The background of the study. Women with hypothyroidism may need higher doses of thyroxine (T4) during pregnancy. However, when the need starts to increase and when it is greatest have not been well defined. In this study women with hypothyroidism who were taking T4 were studied prospectively from before conception to the end of pregnancy.
How the study was done. The study involved 19 women who had hypothyroidism, were taking T4, and were planning a pregnancy. Serum T4, thyroid hormone-binding ratio (THBR), free T4 index, and thyrotropin (TSH) were measured before pregnancy, as soon as possible after conception, at two-week intervals for three months, and then monthly until delivery. Their T4 doses were raised as needed to maintain normal serum TSH values (or low values in the six women who had a history of thyroid carcinoma).
The results of the study. Among the 19 women, one had two pregnancies and three became pregnant with the aid of assisted reproduction techniques. Seventeen of the pregnancies ended at term, and three were miscarried. During the pregnancies, serum binding of T4, as measured by the THBR test, increased and remained high. Serum TSH concentrations increased initially and then returned to base line as the doses of T4 were increased, whereas serum free T4 index values did not change.
Serum TSH values exceeded the threshold values calling for an increase in dose of T4 in 16 women (85 percent); they included all 6 women with thyroid carcinoma (average dose increase, 48 percent) and 10 of the other 13 women (average increase, 38 percent). The need for more T4 was first detected between 4 and 16 weeks of gestation. Overall, the increase in dose was greatest between 6 and 16 weeks. As compared with before pregnancy, the mean T4 dose was 30 percent higher at 10 weeks and 50 percent higher at 20 weeks, and it remained at that level thereafter.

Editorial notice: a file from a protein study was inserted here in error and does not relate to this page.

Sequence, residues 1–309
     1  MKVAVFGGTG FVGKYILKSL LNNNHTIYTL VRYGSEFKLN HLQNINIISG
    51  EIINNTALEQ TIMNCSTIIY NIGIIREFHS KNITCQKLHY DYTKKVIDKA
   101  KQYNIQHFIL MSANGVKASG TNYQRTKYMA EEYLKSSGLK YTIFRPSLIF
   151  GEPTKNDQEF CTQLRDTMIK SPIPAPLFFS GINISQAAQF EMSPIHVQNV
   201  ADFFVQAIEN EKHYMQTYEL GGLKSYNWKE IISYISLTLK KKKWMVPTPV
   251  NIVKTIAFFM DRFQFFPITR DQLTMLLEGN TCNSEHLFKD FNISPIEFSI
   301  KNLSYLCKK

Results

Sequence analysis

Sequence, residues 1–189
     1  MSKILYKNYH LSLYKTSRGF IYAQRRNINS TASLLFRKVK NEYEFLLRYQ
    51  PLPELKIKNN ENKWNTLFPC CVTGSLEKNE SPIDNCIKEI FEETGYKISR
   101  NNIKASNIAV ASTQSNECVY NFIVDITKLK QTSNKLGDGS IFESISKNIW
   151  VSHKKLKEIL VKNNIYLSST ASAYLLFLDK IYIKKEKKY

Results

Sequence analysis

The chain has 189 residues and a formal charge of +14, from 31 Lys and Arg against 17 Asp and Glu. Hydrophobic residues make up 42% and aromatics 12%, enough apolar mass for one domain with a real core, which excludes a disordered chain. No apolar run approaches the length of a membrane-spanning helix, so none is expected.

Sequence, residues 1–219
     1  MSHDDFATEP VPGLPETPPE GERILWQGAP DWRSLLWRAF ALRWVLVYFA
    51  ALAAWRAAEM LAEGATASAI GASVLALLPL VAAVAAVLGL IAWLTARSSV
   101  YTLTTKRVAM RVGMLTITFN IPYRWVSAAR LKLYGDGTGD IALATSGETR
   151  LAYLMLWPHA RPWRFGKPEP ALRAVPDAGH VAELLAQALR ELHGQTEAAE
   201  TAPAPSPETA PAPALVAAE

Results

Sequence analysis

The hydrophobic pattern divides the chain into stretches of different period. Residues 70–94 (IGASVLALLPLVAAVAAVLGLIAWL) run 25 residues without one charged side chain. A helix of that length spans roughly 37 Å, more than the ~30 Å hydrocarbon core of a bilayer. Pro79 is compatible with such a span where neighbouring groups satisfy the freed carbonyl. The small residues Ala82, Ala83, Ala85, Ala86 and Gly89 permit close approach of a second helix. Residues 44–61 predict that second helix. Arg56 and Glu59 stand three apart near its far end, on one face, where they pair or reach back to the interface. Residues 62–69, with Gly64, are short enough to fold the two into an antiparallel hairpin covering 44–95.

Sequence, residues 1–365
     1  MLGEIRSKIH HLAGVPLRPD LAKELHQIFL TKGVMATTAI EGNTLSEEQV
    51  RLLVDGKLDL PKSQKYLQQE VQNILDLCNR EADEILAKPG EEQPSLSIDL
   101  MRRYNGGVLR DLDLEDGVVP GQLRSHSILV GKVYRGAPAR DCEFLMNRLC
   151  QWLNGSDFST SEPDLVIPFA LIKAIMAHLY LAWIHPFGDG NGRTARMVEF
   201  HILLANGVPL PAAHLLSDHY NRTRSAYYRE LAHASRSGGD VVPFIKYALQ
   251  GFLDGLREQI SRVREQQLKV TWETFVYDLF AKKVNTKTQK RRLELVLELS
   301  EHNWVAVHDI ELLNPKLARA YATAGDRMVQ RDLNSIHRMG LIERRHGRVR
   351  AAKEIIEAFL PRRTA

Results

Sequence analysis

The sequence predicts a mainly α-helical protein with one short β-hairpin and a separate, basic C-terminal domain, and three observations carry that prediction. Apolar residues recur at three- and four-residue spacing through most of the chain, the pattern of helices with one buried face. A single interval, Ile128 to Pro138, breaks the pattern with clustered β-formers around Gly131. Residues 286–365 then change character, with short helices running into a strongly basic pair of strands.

The conclusions of the study. Women who have hypothyroidism may need higher doses of T4 during pregnancy. This can occur as early, and, overall, the dose may need to be raised by as much as 85 percent.
The original article. Alexander EK, Marqusee E, Lawrence J, Jarolim P, Fischer GA, Larsen PR. Timing and magnitude of increases in levothyroxine requirements during pregnancy in women with hypothyroidism. N Engl J Med 2004;351:241-9.